I remember the first time I saw the mighty Pink Flamingo formation. It was in front garden of my Aunt’s 1949 Art Deco Home. A spectacular home with a perfect lawn and a distinct late fifties sixties furnishing inside the house and a 1956 Ford Customline in the driveway.
The cool thing about all of this was that the year was 1988.
Not much had changed in the years that they had moved into the home in the mid fifties.
Seeing the Flamingos for the first time I didn’t quite know what their purpose was, and what was even more amazing was the fact that they were never stolen.
The next time I saw Pink Flamingos was in the backyard of a friends place who was a dedicated vintage fan. My friend Janice had what could only be described as a mighty flock of flamingo in the garden. Perhaps she had too many, but then again she was a kind of obsessive collector.
Several years later I moved to a small town called Armidale for a radio job and whilst doing my laundry in the basement of the apartment I lived in there I spotted a lone Pink Flamingo sitting on the washing machine. I took that Flamingo back upstairs and placed her in the window. I hoped to find a mate for her but that never happened.
The history of the Flamingo is interesting in that it was first designed in 1957, the fake birds are natives not of Florida but of Leominster, Massachusetts, which bills itself as the Plastics Capital of the World. At a nearby art school, sculptor Don Featherstone was hired by the plastics company Union Products, where his second assignment was to sculpt a pink flamingo. No live models presented themselves, so he unearthed a National Geographic photo spread. It took about two weeks to model both halves of the bird, brought into the third dimension by then-revolutionary injection-mold technology.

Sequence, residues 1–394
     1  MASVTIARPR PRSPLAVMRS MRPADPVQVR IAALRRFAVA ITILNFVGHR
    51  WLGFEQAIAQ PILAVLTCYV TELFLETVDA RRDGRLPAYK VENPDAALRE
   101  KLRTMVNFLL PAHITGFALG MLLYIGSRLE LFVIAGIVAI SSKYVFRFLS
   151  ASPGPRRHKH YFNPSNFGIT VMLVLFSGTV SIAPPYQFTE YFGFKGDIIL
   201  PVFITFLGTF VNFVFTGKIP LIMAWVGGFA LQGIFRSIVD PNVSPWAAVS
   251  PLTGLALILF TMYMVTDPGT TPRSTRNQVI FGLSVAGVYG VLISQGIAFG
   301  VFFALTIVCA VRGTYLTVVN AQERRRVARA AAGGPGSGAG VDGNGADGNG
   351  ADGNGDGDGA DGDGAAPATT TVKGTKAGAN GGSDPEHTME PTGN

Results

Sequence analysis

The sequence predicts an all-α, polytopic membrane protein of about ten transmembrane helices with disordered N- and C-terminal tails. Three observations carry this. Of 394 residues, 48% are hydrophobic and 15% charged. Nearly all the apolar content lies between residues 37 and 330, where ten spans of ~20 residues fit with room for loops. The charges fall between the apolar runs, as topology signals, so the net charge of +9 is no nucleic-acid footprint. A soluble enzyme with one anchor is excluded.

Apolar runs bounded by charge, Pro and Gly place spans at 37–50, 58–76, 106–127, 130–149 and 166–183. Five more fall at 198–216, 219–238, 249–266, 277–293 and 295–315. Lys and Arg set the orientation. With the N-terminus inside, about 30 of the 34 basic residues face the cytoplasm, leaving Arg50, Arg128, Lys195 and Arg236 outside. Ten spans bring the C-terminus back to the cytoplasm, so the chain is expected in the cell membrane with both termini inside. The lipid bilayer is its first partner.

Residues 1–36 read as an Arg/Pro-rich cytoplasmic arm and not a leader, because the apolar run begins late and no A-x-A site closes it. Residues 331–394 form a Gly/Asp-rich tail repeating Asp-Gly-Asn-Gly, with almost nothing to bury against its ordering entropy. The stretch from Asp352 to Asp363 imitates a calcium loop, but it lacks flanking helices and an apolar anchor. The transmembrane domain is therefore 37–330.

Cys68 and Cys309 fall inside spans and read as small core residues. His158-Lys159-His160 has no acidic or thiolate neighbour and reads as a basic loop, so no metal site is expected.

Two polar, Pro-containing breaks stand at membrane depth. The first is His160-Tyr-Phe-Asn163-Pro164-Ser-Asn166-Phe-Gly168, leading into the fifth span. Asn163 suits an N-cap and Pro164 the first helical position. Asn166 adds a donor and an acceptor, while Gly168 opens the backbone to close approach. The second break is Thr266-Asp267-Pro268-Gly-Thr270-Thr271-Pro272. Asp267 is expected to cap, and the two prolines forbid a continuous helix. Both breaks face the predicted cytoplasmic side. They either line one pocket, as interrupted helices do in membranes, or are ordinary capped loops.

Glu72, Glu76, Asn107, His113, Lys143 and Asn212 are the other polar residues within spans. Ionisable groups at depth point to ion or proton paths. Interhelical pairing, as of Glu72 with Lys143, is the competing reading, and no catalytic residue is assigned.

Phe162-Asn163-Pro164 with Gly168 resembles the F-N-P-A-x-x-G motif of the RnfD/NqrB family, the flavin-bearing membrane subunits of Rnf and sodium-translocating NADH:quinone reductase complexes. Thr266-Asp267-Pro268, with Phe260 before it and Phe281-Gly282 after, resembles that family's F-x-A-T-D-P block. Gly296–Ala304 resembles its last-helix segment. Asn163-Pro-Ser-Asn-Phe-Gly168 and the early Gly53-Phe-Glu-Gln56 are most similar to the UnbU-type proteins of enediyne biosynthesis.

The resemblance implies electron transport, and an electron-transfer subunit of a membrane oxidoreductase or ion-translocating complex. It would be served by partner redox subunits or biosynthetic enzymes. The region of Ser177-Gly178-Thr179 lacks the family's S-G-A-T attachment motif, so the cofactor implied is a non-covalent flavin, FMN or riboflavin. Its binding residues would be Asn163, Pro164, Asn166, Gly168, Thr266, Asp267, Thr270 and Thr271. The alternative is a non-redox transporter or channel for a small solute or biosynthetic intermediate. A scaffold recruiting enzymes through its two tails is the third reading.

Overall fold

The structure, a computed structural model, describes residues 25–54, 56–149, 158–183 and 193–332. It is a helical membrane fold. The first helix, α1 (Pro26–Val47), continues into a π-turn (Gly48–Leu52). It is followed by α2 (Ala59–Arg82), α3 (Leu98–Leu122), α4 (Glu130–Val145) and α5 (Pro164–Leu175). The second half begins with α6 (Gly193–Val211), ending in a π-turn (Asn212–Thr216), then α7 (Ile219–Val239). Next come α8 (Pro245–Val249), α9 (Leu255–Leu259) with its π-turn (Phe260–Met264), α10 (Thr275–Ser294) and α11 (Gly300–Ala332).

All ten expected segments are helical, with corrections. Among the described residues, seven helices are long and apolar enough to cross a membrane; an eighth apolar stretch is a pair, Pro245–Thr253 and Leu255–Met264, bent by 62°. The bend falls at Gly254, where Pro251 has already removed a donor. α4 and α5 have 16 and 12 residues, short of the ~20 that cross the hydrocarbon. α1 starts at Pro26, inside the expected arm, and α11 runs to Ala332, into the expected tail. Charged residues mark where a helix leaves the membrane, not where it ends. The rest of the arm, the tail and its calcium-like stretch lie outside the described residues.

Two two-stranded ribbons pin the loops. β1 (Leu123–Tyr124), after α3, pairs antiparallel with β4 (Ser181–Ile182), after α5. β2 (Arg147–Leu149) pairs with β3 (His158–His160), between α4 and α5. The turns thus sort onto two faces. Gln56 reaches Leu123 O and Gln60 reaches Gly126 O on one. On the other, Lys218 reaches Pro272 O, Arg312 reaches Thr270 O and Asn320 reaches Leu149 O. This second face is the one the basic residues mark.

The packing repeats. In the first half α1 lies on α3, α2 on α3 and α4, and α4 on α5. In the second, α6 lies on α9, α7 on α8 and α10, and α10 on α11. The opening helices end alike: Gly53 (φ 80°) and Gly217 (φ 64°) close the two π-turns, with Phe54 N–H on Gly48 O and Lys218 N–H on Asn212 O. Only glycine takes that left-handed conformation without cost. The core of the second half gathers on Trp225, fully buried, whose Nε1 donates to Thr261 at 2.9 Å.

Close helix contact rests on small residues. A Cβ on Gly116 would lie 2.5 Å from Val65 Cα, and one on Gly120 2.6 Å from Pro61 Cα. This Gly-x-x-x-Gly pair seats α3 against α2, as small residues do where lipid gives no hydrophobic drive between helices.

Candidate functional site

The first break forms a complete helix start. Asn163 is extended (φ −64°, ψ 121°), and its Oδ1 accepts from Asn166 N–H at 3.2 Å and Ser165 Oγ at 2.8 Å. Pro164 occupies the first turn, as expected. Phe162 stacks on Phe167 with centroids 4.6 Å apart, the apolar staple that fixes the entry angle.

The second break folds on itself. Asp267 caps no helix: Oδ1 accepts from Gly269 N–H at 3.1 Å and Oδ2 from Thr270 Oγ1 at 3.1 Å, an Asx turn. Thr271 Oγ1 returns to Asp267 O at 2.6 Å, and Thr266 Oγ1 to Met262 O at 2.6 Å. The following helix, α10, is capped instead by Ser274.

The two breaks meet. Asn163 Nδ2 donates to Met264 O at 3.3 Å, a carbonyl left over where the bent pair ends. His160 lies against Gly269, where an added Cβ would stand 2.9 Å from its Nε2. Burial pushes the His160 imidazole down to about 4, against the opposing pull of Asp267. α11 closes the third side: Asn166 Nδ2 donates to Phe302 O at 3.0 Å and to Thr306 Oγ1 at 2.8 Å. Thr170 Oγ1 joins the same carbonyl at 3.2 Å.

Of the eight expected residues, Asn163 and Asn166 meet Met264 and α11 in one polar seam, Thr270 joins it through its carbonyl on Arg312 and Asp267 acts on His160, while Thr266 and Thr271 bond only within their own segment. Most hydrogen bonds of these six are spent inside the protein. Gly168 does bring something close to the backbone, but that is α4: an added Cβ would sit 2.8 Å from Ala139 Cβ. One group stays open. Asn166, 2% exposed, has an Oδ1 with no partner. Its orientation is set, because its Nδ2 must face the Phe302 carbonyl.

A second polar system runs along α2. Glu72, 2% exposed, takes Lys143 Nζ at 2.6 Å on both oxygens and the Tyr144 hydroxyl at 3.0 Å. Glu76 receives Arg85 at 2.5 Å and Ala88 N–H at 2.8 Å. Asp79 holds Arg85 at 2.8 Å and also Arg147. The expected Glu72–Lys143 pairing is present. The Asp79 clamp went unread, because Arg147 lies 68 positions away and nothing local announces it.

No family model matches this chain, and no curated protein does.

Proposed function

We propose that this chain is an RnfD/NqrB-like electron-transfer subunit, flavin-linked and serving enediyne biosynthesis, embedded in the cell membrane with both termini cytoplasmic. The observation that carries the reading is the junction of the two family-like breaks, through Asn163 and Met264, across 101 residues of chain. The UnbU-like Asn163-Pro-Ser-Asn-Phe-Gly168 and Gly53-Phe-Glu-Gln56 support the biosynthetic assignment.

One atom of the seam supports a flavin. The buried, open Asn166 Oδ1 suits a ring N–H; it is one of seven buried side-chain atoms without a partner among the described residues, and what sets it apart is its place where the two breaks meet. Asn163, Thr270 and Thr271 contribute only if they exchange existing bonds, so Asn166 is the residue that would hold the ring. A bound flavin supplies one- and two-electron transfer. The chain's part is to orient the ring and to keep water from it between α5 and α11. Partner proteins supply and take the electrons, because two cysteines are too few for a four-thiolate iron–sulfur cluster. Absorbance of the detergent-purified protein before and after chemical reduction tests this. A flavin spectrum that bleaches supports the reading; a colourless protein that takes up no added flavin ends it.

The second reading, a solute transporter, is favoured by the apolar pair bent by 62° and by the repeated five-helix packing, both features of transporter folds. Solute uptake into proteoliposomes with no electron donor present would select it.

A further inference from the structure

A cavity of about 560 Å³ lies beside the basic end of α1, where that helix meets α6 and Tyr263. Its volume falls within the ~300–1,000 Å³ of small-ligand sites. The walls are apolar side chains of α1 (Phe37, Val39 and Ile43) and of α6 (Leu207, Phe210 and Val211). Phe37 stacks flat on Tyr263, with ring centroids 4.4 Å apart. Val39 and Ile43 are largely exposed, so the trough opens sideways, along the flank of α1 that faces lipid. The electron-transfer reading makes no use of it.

A flamingo-friendly trend was the sameness of post-World War II construction. Units in new subdivisions sometimes looked virtually identical. “You had to mark your house somehow,” Featherstone says. “A woman could pick up a flamingo at the store and come home with a piece of tropical elegance under her arm to change her humdrum house.” Also, “people just thought it was pretty,” adds Featherstone’s wife, Nancy.
Don Featherstone, creator of the pink flamingo lawn ornament, chats about his creation in his home in Fitchburg in October.
SENTINEL & ENTERPRISE/JOHN LOVE
This week Don Featherstone, the creator of the pink flamingo lawn ornament, died. He was 79.
His wife, Nancy, said he died on Monday morning, surrounded by family. He had succumbed to Lewy body disease, which is a type of dementia, she said.
“It’s a terrible disease,” she said. “You can’t do anything about it. But he fought it. He fought it to the best of his ability. He died with dignity.”
Featherstone, a Berlin native, worked for Union Products for 43 years, designing more than 600 items for the plastic company, she said. He had studied art at the Worcester Art Museum.
Disney’s 2011 film “Gnomeo & Juliet” featured a pink lawn flamingo named “Featherstone” in his honor.